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Table 1. Economic cost, social cost: An overview of terms.
Table 1. Economic cost, social cost: An overview of terms.
The Type of CostDefinition/Interpretation; Cost ComponentsSample Literature
Economic costCost from the perspective of the enterprise; allows to determine the economic efficiency of operations; to determine in which sector of the economy it is best to allocate the resources. In economic activity, it is a type of production cost;
Economic cost = accounting costs + opportunity costs + normal profit, or:
Economic cost = accounting costs + opportunity costs
(1) Accounting costs (explicit - visible) are production costs expressed by multiplying the number of factors purchased by their price expressed in money are recorded in the company’s accounting.
(2) Alternative costs, i.e. lost costs (implicit - invisible) - allow you to determine the benefits that could be achieved by allocating resources to other activities
(3) Normal profit - the minimum remuneration that an entrepreneur must receive in order to continue a given undertaking.
Social costsAll direct and indirect losses, i.e. all harmful consequences and damages suffered by third parties or the entire society as a result of the economic activities of individual producers and for which it is not easy to blame individual legal and physical entities.[14,15,16,17,18,19]
Social cost (in general)Social cost is the economic cost to society as a whole; a sum of private cost and external costs.
Private cost is the economic cost incurred by private entities (enterprises and households), measurable and immeasurable;
Social cost = private cost (measurable and immeasurable) + External costs
External costs = social costsA perspective beyond the entrepreneur’s perspective: Harmful (negative) externalities of production processes. These are costs incurred by persons not directly involved in the production, consumption or exchange of a given good; they are therefore adverse effects of business activity experienced by third parties.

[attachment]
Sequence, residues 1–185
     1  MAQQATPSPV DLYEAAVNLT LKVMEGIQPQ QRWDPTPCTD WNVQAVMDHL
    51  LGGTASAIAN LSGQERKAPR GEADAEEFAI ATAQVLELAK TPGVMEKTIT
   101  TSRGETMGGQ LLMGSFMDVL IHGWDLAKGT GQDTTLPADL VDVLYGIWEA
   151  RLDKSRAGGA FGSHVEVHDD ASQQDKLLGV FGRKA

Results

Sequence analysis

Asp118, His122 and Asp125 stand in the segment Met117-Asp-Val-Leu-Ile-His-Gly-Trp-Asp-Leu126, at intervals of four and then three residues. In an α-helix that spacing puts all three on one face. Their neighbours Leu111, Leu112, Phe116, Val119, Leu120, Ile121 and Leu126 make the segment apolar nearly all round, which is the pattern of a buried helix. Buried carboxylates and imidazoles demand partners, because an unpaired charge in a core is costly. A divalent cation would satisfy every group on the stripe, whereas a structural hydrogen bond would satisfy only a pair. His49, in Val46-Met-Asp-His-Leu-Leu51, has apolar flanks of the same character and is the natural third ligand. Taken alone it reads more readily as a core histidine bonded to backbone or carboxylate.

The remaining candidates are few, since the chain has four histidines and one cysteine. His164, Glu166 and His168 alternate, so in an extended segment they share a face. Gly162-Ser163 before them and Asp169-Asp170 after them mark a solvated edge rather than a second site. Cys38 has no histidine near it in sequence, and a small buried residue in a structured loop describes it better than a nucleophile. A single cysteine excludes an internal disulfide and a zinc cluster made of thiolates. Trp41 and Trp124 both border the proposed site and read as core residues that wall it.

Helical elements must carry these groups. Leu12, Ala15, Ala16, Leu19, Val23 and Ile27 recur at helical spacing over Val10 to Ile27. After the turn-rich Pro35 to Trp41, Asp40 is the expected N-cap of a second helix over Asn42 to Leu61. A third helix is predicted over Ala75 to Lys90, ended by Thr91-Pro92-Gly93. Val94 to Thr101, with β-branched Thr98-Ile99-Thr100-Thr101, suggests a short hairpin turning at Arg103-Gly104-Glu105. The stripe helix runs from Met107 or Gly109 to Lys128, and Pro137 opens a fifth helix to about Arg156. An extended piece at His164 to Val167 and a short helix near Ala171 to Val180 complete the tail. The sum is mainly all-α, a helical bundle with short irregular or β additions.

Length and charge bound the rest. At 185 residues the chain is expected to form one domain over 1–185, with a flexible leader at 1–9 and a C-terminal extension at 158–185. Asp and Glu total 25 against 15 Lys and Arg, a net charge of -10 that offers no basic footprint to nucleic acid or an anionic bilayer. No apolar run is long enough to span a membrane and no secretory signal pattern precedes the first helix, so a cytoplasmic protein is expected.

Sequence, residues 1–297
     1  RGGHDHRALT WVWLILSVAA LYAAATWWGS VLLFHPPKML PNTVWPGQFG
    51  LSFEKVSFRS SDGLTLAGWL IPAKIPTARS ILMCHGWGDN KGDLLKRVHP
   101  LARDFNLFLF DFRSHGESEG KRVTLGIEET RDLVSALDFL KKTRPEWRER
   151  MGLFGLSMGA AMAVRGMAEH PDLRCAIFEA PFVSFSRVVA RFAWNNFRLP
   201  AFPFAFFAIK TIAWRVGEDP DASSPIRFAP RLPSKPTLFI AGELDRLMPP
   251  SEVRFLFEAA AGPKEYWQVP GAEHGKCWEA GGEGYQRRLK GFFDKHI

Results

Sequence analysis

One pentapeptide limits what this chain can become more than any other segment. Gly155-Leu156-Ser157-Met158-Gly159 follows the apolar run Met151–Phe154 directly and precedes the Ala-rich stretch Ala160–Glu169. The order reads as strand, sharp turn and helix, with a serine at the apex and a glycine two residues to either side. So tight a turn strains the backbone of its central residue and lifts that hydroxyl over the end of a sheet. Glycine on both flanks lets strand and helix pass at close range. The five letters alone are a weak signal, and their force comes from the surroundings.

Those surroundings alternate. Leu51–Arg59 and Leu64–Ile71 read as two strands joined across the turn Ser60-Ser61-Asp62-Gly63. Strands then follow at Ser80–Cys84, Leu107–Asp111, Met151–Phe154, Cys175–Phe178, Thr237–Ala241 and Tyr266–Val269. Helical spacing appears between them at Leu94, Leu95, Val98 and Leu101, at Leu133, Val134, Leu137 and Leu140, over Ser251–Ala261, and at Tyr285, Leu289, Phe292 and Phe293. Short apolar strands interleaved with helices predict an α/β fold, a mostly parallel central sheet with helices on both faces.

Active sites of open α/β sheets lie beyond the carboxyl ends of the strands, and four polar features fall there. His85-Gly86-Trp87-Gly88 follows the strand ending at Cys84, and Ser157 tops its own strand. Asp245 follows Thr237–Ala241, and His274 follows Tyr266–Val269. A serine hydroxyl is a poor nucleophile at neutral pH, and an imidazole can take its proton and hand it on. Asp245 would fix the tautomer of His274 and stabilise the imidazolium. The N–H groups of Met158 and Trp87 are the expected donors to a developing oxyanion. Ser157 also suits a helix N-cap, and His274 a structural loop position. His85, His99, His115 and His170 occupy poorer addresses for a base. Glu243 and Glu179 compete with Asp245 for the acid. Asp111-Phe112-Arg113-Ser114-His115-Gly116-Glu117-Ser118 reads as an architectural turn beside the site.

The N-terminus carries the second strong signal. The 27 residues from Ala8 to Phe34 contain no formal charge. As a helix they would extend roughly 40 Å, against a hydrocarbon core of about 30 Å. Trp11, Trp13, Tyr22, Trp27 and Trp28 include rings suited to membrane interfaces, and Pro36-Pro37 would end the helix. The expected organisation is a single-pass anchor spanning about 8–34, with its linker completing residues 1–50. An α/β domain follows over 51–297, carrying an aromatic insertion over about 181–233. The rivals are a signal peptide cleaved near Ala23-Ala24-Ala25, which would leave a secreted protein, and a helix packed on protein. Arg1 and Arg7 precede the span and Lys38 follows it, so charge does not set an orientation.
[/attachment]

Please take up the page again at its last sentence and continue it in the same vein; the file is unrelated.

It is in the social interest to reduce the negative external effect (by means of an adjustment fee, similar to the Pigou tax) to a level at which the level of external costs-social costs will be lower than social benefits.
External effects can be negative (costs) and positive (benefits)
Social cost (in healthcare) - broad approacheconomic cost to the whole of society; the sum of direct costs (medical and non-medical), indirect costs (related to reduced productivity) and non-measurable costs (hardly measurable in monetary terms, e.g. the cost of occupational non-fulfilment or the cost of pain)
social cost (broad approach) = direct costs + indirect costs + non-measurable costs
The so-called social cost (in healthcare) – narrow approachImmeasurable costs recognised as a category of other types of costs in healthcare.
Other costs = immeasurable costs = so-called social cost
Relationship between social cost (broadly defined), social cost (in general) and economic costDirect costs as the sum of accounting costs incurred by healthcare providers, producers of medical and non-medical supplies used for healthcare purposes, associated service providers (e.g., transport, third party care) and private costs of non-economic natural persons (third party care)
direct costs = accounting costs (of all entrepreneurs) + measurable private cost (of non-entrepreneurs)